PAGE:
So If you do use our system please send your results to info@milab.idc.ac.il

2. We are adding an OpenMV camera for smart colony picking.

3. We are also exploring adding UV for cross linking of polymers.

4. We propose extending the reach with a slider as described by https://www.instructables.com/id/How-to-Combine-UA...

In addition the uArm is extendable by many other sensors that can be useful, if you have ideas let us know !

Hope you enjoyed our first instructable!

The media innovation lab (miLAB) team.

“I make mistakes growing up. I’m not perfect; I’m not a robot.”
— Justin Bieber

Share

    Recommendations

    • Trash to Treasure

      Trash to Treasure
    • Pie Contest

      Pie Contest
    • Build a Tool Contest

      Build a Tool Contest

    7 Discussions

    0
    None
    PeaceOot

    2 months ago

    Isn't there already an air pump in the uArm? Can that be used for the suction needed to transport liquids?

    0
    None
    cosmicaug

    3 months ago

    So what I want to know is where you got a price for this CAPP Ecopipette micropipetter of $65. That's below Dragonlab territory. Elsewhere I'm seeing these for a multiple of that price (and presumably they don't fall apart like Dragonlab does?).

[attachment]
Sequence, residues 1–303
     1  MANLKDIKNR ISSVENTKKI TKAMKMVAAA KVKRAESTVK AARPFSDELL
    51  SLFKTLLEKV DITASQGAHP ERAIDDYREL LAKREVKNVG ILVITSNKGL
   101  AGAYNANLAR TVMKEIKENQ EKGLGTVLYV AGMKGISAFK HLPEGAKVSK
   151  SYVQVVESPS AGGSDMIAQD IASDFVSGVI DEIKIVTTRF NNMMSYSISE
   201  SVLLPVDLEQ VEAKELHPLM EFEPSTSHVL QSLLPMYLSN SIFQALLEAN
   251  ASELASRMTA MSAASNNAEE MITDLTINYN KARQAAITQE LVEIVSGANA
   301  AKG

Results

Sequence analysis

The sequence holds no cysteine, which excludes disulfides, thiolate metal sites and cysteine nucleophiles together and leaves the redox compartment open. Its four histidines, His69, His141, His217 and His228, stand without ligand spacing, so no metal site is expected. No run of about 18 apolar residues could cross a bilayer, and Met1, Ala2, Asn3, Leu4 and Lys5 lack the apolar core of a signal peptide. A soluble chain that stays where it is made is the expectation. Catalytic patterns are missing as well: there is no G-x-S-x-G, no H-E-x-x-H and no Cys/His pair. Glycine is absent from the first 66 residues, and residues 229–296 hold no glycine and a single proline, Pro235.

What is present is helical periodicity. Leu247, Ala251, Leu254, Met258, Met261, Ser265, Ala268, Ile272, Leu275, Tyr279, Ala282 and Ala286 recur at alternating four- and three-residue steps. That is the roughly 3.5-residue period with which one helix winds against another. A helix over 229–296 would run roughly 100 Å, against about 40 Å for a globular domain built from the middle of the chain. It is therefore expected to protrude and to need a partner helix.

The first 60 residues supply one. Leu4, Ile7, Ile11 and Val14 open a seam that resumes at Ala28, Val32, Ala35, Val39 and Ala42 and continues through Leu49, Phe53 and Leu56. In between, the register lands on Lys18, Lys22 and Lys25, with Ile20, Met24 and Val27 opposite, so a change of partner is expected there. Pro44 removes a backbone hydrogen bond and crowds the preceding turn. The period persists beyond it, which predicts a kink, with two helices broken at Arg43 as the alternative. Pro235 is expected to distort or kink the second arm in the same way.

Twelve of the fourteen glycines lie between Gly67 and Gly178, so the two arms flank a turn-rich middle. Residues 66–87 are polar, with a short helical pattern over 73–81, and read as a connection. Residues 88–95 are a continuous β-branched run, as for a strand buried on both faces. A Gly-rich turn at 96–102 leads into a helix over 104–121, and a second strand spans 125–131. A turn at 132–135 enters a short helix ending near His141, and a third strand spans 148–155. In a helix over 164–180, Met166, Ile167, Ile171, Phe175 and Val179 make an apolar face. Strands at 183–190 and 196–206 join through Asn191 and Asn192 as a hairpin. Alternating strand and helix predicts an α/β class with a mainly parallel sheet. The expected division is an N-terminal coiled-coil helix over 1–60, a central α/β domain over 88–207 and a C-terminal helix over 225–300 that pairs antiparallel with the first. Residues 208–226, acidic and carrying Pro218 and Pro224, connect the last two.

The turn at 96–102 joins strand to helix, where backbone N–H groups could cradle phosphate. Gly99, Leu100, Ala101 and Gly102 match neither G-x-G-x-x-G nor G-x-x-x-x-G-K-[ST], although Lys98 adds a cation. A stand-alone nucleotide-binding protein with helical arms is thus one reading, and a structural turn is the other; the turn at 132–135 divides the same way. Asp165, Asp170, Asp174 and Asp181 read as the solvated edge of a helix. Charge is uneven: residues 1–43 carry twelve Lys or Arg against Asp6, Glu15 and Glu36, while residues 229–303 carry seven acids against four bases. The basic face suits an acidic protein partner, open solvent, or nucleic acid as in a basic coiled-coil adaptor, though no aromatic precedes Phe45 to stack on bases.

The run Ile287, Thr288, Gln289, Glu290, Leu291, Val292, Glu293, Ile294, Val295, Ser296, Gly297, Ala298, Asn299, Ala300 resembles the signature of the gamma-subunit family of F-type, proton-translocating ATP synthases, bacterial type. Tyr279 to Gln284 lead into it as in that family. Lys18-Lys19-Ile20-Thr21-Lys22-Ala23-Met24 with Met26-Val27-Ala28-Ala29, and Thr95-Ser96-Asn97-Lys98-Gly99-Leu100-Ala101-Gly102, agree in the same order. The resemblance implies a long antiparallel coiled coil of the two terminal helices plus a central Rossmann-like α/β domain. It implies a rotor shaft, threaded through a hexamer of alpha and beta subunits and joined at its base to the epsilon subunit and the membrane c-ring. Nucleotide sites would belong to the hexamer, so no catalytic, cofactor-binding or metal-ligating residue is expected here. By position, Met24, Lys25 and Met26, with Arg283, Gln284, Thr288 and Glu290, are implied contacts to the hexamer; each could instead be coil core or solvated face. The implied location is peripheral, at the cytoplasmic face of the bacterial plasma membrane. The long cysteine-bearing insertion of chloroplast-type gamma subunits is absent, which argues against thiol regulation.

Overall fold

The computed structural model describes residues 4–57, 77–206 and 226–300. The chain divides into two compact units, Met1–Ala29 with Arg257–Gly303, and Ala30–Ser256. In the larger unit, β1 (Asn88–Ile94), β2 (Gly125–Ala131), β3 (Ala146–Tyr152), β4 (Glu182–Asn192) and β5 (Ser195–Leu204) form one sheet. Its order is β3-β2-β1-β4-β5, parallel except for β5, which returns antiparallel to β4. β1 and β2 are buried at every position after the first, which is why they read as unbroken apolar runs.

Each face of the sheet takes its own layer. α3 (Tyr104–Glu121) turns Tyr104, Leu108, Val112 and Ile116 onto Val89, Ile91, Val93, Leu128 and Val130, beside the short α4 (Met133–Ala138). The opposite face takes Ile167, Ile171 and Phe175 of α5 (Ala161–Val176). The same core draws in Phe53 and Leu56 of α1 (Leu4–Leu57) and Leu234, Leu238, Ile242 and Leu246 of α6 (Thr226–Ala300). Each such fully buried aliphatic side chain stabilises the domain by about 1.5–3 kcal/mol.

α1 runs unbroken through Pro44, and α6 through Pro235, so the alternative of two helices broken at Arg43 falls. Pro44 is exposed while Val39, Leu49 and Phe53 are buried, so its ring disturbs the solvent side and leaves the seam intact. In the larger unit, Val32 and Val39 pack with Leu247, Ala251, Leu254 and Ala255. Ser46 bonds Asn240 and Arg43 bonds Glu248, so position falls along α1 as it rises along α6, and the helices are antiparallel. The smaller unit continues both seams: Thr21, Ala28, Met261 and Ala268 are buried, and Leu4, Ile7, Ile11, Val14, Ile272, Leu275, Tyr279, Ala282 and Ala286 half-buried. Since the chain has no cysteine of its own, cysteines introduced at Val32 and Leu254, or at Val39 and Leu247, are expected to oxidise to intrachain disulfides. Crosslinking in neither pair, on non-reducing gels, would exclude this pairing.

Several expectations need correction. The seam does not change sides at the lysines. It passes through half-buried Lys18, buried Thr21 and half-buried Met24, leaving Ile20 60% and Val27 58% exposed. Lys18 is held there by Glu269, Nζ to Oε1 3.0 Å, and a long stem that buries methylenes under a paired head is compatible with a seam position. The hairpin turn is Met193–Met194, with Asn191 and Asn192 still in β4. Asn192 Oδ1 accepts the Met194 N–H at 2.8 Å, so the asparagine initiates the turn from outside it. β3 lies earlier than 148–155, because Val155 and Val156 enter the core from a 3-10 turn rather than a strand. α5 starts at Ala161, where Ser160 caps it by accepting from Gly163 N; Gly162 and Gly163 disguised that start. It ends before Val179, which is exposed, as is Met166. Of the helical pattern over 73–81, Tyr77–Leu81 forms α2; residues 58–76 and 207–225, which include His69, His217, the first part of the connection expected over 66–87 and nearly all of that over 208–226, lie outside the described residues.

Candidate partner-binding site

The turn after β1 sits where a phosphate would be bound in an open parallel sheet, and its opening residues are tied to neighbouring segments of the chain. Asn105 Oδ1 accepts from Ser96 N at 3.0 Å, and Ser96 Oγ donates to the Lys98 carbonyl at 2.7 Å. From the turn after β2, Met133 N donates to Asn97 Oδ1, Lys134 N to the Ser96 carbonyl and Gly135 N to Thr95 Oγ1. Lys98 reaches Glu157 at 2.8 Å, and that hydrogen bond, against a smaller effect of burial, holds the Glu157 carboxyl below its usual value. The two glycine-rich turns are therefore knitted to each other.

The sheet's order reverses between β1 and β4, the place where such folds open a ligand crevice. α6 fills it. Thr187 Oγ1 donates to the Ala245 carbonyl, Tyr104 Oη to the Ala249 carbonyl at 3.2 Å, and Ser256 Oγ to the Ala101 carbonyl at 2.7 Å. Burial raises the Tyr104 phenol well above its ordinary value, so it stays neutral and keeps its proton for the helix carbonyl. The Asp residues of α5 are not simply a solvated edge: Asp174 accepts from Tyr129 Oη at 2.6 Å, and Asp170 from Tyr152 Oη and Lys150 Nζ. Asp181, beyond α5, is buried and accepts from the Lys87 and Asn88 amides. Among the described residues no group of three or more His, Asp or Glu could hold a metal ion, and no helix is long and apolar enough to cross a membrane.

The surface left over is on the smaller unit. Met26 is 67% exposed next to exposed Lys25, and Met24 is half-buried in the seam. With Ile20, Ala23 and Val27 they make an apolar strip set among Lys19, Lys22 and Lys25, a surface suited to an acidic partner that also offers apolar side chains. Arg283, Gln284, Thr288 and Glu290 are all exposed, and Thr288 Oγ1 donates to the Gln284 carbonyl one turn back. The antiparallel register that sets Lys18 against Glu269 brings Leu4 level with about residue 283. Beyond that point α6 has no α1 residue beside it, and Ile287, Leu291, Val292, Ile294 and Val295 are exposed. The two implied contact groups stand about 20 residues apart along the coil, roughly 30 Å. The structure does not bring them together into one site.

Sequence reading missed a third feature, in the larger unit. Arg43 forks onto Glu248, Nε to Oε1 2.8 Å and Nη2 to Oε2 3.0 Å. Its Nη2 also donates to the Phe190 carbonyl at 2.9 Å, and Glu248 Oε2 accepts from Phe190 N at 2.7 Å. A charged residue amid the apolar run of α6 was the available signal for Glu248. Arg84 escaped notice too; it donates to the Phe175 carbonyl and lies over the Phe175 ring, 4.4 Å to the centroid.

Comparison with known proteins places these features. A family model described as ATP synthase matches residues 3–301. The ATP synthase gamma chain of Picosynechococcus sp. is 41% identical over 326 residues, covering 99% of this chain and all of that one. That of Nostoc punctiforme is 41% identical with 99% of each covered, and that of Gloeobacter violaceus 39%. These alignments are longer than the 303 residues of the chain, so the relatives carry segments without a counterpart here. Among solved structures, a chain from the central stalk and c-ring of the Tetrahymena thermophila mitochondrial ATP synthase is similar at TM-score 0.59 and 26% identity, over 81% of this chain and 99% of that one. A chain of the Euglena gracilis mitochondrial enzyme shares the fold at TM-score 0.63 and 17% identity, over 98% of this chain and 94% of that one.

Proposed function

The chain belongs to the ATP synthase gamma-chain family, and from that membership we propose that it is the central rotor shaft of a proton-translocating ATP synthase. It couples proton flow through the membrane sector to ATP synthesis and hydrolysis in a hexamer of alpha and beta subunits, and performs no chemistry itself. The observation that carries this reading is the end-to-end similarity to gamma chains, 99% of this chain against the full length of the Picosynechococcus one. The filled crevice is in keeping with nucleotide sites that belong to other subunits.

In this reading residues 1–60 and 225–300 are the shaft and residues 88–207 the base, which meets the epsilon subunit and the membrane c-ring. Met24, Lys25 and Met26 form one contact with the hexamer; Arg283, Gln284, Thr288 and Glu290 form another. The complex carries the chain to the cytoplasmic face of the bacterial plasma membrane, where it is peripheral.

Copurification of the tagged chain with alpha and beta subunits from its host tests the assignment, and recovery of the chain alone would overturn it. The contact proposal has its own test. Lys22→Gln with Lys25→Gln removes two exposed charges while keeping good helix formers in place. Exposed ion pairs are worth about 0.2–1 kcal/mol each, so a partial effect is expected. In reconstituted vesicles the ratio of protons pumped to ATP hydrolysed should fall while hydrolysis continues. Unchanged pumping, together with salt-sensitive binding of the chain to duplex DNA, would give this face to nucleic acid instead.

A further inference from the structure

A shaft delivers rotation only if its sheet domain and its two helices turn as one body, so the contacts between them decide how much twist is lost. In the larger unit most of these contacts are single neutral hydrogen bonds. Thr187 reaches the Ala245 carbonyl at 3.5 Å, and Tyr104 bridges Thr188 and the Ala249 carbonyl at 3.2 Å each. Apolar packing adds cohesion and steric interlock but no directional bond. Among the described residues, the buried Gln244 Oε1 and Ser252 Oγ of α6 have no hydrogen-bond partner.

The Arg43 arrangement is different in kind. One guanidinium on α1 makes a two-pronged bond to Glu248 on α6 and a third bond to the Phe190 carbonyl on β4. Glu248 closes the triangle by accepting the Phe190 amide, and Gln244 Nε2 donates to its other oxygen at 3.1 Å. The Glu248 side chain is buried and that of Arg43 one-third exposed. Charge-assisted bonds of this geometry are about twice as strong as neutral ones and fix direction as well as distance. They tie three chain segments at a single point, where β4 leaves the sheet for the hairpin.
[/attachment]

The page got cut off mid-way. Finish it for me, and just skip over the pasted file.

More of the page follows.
0
    None
    BasileC

    3 months ago

    Awesome project ! Why not use a full pipette body and actuate the mechanism of the pipette using servos? You could then switch pipettes types easily or clean them.

    2 replies
    0
    None
    cosmicaugBasileC

    Reply 3 months ago

    That's how Opentrons does it. I'm not convinced it's best and it feels like a kludge when seen in person. The way shown may be more flexible.

    0
    None
    miLAB IDCBasileC

    Reply 3 months ago

    Great question! The pneumatic mechanism is less prone to errors than an "electronic thumb" operating a standard pipette. In addition we wanted to make the system take up less space on the bench and so it can be fitted into incubators, hoods and other creative uses. (check Andrew the pipetting robot). On our setup we use tips with filters and the shaft, tube and syringe are easily replaceable in case of a contamination.